When I was in Junior High I had no idea what home taping was. I had a tape deck, but only knew it for recording the radio or playing tapes.
I think I have written about this before, but I remember being astonished when I discovered that someone I knew had a big pile of tapes that were recorded records. I felt like I was with an outlaw. First off I didn’t know the technology and second I was amazed that there were like 50 records in the size of a shoe box. It was crazy.
In the years that followed I heard many times that they were trying to tax blank tapes. I thought that was crazy. I mean I was using tapes for recording myself talking to send to my friend Alan in Denver (at that time) and I was going to be pissed if I had to pay extra for tapes I could barely afford in the first place. This tax never came to be, and the rest of my dubbing, double tape deck and endless recording spun out through my formidable years.
I had no idea that the compact cassette was developed in the 1960’s and even then record companies thought that they were domed. This is rather amusing given the rise, fall and eventual resurgence of the vinyl industry.
Here is a very interesting article I found that describes the UK side of the home taping battles.
The reason that this home taping vs music has come to mind is because of an album I recently purchased.
“The Fixx – Shuttered Room”
This is another 80’s nugget that I have been going back to recently and got for an alarming low price from Discogs. With shipping it was less than 8 bucks. Criminal.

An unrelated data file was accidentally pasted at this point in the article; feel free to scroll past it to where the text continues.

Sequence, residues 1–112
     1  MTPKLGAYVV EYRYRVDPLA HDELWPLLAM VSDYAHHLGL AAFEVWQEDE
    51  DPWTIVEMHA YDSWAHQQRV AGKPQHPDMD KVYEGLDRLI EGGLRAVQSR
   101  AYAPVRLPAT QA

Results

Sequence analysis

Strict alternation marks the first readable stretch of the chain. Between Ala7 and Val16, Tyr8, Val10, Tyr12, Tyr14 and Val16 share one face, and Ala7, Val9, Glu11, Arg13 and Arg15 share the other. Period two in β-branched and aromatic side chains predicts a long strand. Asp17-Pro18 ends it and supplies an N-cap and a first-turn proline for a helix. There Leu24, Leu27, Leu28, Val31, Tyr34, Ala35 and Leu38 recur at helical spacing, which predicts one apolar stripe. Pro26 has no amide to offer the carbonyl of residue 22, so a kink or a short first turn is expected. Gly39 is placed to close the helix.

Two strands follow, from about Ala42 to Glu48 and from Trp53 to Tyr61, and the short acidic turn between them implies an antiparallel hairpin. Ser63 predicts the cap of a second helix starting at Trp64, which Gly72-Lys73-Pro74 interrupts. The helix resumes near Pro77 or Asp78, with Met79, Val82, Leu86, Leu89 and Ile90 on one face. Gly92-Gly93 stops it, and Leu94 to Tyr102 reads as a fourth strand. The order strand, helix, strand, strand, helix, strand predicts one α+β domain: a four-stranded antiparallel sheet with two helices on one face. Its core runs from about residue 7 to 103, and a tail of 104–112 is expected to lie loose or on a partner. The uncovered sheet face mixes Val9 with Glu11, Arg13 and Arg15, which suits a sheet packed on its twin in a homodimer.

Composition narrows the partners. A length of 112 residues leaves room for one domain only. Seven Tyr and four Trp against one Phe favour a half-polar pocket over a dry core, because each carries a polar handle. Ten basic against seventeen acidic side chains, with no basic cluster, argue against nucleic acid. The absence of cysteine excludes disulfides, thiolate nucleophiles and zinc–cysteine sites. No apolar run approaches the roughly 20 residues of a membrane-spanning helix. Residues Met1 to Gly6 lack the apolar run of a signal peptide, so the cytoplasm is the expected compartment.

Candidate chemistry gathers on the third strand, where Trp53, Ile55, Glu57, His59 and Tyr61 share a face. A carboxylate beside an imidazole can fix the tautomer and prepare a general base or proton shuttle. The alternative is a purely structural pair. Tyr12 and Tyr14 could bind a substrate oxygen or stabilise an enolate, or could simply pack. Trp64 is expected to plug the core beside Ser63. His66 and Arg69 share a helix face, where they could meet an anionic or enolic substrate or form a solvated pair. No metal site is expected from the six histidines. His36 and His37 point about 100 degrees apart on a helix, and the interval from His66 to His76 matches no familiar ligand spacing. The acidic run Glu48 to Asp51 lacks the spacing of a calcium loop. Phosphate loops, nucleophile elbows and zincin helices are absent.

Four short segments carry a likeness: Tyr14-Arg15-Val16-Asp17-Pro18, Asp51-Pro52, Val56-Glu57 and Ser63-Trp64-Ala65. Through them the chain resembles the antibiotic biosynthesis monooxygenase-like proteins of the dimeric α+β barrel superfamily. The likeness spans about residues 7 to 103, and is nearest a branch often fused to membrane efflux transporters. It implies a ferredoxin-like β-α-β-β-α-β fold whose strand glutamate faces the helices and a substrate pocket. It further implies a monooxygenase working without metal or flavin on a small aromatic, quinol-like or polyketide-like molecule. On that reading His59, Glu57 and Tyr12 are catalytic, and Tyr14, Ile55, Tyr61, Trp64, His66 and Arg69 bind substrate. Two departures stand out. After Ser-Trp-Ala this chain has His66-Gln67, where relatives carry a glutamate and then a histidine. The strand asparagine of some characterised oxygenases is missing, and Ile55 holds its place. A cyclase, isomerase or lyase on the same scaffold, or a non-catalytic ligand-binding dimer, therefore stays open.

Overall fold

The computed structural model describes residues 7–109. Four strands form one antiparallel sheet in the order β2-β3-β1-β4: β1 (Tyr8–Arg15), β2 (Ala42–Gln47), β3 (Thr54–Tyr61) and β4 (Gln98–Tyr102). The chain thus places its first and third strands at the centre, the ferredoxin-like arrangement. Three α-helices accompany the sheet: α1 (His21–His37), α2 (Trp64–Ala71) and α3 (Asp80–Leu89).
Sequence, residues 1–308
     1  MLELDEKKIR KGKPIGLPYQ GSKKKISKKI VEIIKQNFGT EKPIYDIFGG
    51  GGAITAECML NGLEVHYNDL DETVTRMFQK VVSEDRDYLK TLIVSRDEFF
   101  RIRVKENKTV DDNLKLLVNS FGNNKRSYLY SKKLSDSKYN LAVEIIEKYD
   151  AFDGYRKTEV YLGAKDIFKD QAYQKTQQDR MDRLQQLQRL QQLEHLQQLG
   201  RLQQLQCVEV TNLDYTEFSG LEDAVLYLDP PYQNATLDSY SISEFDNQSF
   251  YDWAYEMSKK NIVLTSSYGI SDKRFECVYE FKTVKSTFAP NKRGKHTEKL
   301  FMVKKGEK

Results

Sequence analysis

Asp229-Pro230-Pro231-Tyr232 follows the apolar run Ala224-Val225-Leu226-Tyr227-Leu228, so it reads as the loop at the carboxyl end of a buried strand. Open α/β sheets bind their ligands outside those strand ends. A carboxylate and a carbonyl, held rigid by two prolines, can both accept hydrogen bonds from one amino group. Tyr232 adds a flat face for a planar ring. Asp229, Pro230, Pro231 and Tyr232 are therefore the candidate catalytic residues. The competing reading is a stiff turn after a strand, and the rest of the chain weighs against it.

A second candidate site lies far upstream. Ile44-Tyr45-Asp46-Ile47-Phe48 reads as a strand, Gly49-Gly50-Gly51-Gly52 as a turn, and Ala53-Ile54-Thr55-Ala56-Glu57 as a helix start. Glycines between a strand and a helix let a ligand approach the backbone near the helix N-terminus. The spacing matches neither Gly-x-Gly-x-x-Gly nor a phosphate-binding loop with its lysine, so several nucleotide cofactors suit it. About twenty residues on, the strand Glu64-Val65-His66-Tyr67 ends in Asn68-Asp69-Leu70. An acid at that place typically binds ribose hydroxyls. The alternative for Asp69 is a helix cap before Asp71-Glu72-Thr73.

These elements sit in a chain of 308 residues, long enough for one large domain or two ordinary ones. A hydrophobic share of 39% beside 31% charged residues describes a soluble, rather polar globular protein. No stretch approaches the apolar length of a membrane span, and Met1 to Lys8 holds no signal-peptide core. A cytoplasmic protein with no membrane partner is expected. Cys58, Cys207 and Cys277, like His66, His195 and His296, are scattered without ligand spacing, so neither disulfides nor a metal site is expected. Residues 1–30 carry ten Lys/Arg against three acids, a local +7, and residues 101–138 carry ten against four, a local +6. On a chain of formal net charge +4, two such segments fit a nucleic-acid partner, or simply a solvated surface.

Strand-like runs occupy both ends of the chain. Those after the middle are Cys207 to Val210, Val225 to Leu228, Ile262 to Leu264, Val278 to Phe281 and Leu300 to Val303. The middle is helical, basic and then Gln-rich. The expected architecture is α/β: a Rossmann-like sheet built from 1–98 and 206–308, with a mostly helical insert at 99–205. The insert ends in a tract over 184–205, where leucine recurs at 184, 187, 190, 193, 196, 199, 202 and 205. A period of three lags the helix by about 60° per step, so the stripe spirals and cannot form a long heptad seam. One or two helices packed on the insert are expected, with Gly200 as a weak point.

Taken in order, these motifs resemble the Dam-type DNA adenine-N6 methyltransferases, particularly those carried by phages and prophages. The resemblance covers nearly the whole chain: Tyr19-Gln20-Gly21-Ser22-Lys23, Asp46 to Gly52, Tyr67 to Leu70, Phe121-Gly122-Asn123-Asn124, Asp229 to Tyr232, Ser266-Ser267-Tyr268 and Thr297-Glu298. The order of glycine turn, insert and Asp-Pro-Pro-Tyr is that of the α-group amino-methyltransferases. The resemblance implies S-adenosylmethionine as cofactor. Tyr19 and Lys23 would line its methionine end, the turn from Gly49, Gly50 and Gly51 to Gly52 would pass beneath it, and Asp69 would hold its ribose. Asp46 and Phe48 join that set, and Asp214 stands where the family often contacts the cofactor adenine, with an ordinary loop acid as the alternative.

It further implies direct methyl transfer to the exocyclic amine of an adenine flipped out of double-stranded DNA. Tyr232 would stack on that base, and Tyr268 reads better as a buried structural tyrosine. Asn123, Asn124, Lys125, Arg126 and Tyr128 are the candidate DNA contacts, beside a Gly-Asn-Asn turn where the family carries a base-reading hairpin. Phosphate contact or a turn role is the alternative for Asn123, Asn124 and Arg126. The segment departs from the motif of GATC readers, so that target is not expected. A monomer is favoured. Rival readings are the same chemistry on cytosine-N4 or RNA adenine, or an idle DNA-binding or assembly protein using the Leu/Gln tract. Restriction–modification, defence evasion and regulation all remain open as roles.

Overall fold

At any rate, as I was playing this and looking over the back cover…
and I couldn’t help but notice the skull and crossbones on the lower left. To my knowledge this is the first time I have actually seen this.
The funny thing is that even cassettes are making a comeback, with many artists releasing new albums on tape. What’s new becomes old, and then new once again.
Dig this article on Thee Oh Sees who released (though limited) a box set of albums on 8-track of all things! $420 is too steep for my blood, but this would be an amazing set to have. They had to get 8-tracks since blanks are no longer produced and then record over them. It was a labor of love and very cool in my humble opinion. Yes. I have an 8-track player.
I have taped many many MANY albums in my day, transitioning from tapes, to burning CD’s, to MP3 CD’s, then MP3 DVD’s and eventually multiple TB externals. I have a ridiculous amount of music saved and recorded. However…
I still buy vinyl.
What a crazy world we live in. Thank goodness the 1960’s record companies were wrong!